So, just before I went to secondary school (age 12+) for the first time, we went to a covie camp. This was important for one main reason. During one of the sermons, we were shown a film, and whilst watching, I had an moment of absolute clarity, and total conviction. Christianity is true, there is a God, and he does love me. You know, typing that will never not be strange.
I broke down crying. I remember that moment as if it were an hour ago. I became a Christian. So, in a weird sort of way, my parent’s divorce kinda led me to converting to Christianity.
About year two or three of secondary school, I started going to visit the school counsellor. I remember nothing of those visits, only that they were helpful. During that time, I shunned friends, and mainly stayed in the school libary during my free time, or read books. I used books as an escape, leaving this world for different ones, preferring anything strange or different. I stripped through crime, fantasy and science fiction books rapidly. I also volunteered to help in the school library, putting books away, keeping it tidy and neat.
At some point, the school counsellor left, and a new one arrived. I didn’t gel with the new counsellor at all, and so didn’t go back. That would be my last counselling session for quite some time. Time passed.
At some point during this time, I felt snubbed by the librarian, a silly thing, I felt I’d been passed over for some additional responsibility. Additionally, I had a very brief ‘girlfriend’ and a relationship that I wouldn’t really engage at all with. That also led to an embarassing suituation a little while later, which I won’t repeat, which helped solidify my intent to remain a bachelor for some time, and would be the only time I briefly had a girlfriend, or any sort of significant other, to date.
I switched from volunteering at the school libary, to helping out in the school IT suite, spending any spare time playing with the computers. I was the source of at least two spates of communication tools getting around the IT department’s lockouts to prevent them, since I just continually played with the sandbox I was given. For those geeks, at this point we were running windows XP. I however didn’t keep my mouth shut about the ways to talk to other pcs, and they spread like wildfire around the school, till they were locked down.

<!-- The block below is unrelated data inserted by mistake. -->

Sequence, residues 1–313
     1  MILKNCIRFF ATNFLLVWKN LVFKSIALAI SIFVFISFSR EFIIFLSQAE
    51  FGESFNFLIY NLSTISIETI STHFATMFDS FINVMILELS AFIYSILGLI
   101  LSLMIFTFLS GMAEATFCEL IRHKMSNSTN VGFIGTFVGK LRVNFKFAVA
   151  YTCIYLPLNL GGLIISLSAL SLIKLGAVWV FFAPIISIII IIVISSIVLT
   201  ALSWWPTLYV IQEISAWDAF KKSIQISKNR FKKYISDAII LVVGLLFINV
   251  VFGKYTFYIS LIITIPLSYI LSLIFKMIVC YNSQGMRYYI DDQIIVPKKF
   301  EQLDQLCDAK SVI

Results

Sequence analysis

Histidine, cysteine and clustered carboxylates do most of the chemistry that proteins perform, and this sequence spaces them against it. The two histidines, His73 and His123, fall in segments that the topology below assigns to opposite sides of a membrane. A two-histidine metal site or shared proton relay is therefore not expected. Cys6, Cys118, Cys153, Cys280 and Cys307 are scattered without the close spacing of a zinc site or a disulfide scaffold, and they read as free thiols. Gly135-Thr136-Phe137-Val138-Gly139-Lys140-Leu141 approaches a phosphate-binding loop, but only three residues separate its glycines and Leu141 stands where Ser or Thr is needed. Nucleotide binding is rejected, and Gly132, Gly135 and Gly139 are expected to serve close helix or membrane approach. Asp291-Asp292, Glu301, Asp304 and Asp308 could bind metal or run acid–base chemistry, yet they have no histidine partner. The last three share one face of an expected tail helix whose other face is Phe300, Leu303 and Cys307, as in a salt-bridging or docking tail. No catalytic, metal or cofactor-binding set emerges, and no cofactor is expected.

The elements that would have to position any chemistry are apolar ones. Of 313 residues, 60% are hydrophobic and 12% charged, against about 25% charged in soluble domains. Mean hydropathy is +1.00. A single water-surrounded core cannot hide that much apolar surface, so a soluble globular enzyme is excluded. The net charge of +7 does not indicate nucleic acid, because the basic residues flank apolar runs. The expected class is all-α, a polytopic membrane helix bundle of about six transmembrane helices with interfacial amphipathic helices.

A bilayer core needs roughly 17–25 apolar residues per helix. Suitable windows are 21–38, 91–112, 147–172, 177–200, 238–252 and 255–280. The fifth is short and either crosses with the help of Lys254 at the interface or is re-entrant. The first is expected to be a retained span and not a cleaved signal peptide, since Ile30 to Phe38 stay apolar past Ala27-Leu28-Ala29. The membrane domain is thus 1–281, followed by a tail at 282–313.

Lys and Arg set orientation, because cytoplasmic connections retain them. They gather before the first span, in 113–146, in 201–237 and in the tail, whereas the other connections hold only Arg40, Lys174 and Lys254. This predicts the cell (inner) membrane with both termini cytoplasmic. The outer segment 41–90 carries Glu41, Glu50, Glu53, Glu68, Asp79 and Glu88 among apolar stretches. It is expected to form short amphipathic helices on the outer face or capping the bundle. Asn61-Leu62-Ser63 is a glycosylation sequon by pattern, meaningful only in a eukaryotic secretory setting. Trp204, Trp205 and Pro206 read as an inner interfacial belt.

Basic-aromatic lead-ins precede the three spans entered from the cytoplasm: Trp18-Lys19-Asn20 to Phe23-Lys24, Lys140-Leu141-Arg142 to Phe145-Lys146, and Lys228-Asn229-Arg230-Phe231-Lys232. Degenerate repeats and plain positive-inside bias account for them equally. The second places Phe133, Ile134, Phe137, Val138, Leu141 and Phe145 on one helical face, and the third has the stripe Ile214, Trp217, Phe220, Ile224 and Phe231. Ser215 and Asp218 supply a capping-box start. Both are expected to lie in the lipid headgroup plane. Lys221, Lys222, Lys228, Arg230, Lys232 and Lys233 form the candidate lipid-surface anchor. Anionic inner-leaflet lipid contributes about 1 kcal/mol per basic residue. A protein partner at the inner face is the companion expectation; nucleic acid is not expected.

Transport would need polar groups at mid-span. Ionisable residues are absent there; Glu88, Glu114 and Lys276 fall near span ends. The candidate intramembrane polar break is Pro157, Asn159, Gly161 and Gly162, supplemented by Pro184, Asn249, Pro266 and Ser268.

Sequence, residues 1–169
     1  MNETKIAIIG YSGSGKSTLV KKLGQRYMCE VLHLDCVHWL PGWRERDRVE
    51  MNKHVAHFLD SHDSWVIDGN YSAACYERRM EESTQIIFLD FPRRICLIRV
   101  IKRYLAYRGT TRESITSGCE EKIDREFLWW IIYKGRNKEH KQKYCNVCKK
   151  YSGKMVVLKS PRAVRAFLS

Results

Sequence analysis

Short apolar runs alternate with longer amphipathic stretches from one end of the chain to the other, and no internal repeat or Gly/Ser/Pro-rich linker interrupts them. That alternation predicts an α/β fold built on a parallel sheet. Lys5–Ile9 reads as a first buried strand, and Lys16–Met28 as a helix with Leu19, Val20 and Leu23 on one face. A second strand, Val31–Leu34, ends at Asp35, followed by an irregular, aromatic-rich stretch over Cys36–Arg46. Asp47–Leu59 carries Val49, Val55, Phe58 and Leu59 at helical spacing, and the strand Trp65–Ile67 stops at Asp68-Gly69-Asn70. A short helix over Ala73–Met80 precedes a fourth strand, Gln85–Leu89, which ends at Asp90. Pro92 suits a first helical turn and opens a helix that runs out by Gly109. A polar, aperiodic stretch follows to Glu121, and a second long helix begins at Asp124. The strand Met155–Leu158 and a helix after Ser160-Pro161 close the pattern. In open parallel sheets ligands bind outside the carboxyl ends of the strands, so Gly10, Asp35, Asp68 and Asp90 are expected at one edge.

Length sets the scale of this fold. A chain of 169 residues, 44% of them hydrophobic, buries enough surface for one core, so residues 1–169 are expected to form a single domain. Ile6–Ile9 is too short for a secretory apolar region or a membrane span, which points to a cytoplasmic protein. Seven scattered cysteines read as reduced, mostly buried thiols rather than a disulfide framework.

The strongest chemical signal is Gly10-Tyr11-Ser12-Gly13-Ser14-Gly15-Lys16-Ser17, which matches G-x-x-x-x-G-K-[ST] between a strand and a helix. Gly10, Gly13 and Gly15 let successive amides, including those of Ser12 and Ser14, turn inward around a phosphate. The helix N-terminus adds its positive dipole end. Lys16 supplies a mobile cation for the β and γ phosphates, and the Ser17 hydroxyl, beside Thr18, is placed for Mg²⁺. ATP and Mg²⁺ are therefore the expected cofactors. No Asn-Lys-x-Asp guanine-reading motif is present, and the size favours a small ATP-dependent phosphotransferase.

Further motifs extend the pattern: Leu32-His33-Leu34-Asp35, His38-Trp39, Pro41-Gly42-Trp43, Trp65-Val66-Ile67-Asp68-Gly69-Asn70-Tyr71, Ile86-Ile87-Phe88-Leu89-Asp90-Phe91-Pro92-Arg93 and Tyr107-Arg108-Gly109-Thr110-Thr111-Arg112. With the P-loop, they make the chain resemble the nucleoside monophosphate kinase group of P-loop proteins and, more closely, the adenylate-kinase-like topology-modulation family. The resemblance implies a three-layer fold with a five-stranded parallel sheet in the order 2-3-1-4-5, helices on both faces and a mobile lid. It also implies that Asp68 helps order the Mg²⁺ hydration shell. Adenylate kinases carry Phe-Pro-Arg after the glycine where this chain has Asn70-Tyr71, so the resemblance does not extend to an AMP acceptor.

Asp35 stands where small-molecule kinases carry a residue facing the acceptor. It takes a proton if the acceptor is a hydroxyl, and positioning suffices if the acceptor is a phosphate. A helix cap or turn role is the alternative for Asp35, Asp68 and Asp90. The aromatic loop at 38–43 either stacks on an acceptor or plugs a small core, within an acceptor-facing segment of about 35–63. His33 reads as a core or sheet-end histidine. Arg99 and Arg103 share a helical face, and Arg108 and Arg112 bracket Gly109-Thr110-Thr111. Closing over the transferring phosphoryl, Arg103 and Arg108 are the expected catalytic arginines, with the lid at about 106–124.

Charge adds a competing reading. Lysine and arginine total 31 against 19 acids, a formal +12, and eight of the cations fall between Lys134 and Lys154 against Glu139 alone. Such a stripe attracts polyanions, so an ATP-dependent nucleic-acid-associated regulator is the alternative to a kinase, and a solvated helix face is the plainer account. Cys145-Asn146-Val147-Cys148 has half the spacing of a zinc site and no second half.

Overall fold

That was the first point I really got interested in computers.
During all this time, we had an… interesting contact schedule. Dad got us 2 and a half weekends out of every 4, and a weekday evening. We were with mum the rest of the time. Dad was at this point working for Kleeneze, delivering catelogs and taking orders. Since mum and dad didn’t really get on, or talk that much at all, we had basically different responsibilities and rules at each place. To an extent, we just got used to it. Mum and dad took turns to have us christmas, with the other parent having us over new year.
New year 2000, the milienium, I was at a relatively boring party at my church. I never did really get the whole new year thing, and to this day I still don’t.
Eventually, I did A-levels. I am the proud bearer of 2 A levels in vocational Information Comunication Technology, or in other words, how to use Microsoft Word. I only got a C in that, mainly because I was bored out of my mind, and the spec was just a bit mad. We did get taught some useful snippets though, I learnt basic binary and database normalisation. That was also the first time I created a website.
Next up, my first job.. To Be Continued…
This is the second part of my autobiography write-up. If you’ve not read this before, start here.
For James, mainly, I’ve put way more emotional information in here, and stuff about how the divorce affected me, and continues to affect me, than I planned. So, if you’re a potential (or current) employer reading this, know I’ve gotten past all of this, and I’m working really hard to heal the scars my childhood left me. This isn’t really for you, it’s for him.
Dad reminded me of something that happened during the divorce. We were playing in the garden with some of my cousins, in fact on this climbing frame dad had got us:
Let’s call her Terri. We were all playing on the frame, and she was hanging like a monkey, from the very top. However, she got stuck, couldn’t find a purchase, or climb off, and her hand was slipping. I got to the top, and grabbed onto her hand, hard, wouldn’t let it slip, and shouted for the others to go get help. Help came, no-one was hurt, although I might have hurt her hand not letting it slip!
Terri went on to become an *awesome* climber, and is in fact still the strongest climber of the lot of us, so no harm done.
Moving on! Mum and Dad both changed churches (we’re a christian family), related to the divorce. Mum eventually remarried. Dad’s church had a ‘covie camp’, basically a load of us went off with loads of other kids, and we did fun stuff, like go to a Gladiators TV filming, swimming pools and other really awesome things. It was a christian camp, so every night there’d be a sermon and other things going on. As we didn’t have much money at all, neither mum nor dad, church members paid for us to go, something I’ll always be grateful for.